September is Suicide Prevention Awareness Month, and we want to raise awareness on how you can protect yourself and your loved ones. Suicide is a major public health concern. Over 40,000 people die by suicide each year in the United States; it is the 10th leading cause of death overall. Suicide is complicated and tragic but it is often preventable. Knowing the warning signs for suicide and how to get help can help save lives.
The emotional and financial stress of the holidays can trigger depression in some people.There are so many social activities, chores and events during the holiday season. You simply can’t do it all. Keep your expectations reasonable and set realistic goals about what you can and cannot accomplish. Say ‘No‘ when you need to; your priority is you and your family. Spread the joy out over the entire holiday season rather than placing all of the importance on one specific day or event.
July is National Minority Mental Health Awareness Month and various organizations are highlighting the disparities diverse populations face when it comes to mental illness. In May of 2008, the US House of Representatives named July the National Minority Mental Health Awareness Month. The resolution that passed intended to not only increase access to services and spread awareness about mental health, but to also hone in on the spreading awareness about minorities with mental illnesses.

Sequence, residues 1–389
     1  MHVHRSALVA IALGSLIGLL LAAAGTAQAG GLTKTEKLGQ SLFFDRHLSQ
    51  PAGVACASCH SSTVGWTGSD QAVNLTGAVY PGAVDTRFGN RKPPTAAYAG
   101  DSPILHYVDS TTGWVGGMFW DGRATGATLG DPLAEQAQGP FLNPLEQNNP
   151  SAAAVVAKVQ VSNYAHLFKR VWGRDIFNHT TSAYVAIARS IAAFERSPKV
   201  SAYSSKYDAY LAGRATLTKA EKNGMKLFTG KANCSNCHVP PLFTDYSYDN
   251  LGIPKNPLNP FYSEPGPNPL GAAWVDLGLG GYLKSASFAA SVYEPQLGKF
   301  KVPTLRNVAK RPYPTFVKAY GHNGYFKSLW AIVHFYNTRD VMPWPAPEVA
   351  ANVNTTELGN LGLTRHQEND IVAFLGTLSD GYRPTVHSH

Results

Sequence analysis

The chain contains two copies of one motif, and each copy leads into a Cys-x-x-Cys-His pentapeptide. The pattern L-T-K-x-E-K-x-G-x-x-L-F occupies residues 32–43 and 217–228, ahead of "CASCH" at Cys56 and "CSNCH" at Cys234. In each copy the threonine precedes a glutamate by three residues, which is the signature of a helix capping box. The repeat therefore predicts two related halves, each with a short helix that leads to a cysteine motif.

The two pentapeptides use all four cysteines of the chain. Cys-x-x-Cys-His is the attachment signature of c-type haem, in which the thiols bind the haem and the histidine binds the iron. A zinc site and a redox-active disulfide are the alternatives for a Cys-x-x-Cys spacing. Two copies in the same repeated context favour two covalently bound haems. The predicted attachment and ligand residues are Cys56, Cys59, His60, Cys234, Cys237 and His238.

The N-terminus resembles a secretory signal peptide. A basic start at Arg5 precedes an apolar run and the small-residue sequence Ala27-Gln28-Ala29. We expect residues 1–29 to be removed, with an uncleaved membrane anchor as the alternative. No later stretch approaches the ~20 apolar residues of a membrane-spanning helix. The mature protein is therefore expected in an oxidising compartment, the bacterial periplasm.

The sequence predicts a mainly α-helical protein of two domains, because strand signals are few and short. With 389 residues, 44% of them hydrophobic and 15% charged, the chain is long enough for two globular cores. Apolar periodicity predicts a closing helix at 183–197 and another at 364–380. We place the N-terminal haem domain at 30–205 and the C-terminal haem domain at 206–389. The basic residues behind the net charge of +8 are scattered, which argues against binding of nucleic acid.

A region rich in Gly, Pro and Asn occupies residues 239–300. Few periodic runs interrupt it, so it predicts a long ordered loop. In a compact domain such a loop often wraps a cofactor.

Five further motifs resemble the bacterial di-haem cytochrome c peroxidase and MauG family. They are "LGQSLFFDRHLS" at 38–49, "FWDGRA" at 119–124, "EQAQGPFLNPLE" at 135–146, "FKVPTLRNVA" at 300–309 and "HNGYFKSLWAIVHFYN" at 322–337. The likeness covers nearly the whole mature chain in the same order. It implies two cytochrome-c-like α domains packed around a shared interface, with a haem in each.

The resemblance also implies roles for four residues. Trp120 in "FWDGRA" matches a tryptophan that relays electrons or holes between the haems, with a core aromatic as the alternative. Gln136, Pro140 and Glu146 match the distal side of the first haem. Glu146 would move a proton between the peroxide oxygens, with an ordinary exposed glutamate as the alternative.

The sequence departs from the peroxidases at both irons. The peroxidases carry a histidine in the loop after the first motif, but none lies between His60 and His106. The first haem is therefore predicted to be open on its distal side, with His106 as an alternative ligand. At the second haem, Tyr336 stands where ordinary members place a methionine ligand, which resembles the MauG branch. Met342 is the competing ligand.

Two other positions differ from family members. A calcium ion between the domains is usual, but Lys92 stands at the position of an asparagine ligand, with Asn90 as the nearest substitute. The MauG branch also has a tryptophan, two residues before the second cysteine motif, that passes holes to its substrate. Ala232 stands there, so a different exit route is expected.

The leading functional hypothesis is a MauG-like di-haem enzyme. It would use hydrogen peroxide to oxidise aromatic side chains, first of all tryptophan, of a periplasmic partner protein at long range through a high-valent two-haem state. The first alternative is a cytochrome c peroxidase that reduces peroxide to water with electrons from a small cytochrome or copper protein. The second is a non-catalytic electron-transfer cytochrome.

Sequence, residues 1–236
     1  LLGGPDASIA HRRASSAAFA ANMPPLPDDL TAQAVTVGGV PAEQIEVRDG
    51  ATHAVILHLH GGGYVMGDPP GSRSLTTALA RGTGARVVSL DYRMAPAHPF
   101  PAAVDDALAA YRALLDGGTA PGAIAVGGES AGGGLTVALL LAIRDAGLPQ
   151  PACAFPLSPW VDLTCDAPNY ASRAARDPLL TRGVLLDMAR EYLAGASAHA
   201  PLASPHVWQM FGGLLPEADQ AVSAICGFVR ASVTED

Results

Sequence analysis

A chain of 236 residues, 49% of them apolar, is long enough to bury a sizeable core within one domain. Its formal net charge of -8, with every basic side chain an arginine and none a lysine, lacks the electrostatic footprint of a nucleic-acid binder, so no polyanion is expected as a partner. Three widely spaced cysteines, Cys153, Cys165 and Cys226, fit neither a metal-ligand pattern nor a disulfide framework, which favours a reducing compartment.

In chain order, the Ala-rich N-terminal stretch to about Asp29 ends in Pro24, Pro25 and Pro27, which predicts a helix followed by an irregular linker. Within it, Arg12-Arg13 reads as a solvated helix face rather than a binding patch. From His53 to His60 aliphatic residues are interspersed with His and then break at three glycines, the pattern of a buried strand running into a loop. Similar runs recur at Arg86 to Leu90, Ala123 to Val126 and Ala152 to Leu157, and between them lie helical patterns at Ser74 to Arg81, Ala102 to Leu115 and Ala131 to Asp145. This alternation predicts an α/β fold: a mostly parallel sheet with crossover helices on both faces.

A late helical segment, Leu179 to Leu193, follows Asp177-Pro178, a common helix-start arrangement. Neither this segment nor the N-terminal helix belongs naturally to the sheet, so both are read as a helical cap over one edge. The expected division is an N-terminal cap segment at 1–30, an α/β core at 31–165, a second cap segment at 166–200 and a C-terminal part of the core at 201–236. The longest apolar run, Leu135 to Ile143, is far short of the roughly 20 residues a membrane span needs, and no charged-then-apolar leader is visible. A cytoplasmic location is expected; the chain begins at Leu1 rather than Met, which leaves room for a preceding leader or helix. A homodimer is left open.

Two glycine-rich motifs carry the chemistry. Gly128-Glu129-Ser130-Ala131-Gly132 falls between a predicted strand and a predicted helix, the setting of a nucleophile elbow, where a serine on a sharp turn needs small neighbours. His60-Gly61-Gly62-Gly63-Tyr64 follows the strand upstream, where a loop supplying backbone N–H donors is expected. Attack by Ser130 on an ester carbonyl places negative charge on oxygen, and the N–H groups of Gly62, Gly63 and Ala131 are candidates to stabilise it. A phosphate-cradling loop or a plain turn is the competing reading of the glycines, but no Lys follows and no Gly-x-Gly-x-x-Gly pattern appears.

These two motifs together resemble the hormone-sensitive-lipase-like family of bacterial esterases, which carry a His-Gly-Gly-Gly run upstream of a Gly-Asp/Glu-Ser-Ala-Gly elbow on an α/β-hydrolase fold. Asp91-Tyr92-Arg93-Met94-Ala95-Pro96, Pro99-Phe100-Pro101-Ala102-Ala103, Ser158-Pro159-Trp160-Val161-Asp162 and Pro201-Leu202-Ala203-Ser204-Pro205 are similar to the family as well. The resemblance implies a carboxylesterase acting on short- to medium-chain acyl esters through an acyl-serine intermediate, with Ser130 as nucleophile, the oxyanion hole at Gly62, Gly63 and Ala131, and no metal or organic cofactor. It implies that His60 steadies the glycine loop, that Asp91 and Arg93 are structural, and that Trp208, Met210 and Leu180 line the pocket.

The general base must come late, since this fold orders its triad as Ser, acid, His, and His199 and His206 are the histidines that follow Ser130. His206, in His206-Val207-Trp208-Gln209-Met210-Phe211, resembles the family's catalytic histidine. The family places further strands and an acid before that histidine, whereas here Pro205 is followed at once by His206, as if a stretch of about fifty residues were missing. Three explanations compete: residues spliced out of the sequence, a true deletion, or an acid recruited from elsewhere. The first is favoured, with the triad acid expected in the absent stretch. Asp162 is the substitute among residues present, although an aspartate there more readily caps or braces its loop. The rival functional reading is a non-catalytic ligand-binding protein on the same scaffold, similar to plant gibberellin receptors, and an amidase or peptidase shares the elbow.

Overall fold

September is National Suicide Prevention month. The entire month is dedicated to raising awareness, reaching out and erasing stigma. According to the Centers for Disease Control and Prevention (CDC), suicide now accounts for more deaths than car accidents each year in the U.S. It is ranked as the 10th leading cause of death overall, but ranked as the second leading cause among young people, aged 15-24. The latest statistic from the CDC is that 41,000 American lives are lost to suicide annually.
There are 5 million children who are currently taking ADHD drugs in the U.S. alone. The number of children being treated with prescription medication for ADHD has soared in recent years.Fewer children are being prescribed antibiotics nowadays compared to a decade ago, according to a new study from the Food and Drug Administration. But over the past 10 years, more kids and teens were given prescriptions for ADHD drugs.The rise in stimulant prescribing for youths must be taken in context. Between 1990 and 2005 there was a rapid rise in pediatric prescriptions for many psychiatric medications—not only stimulants.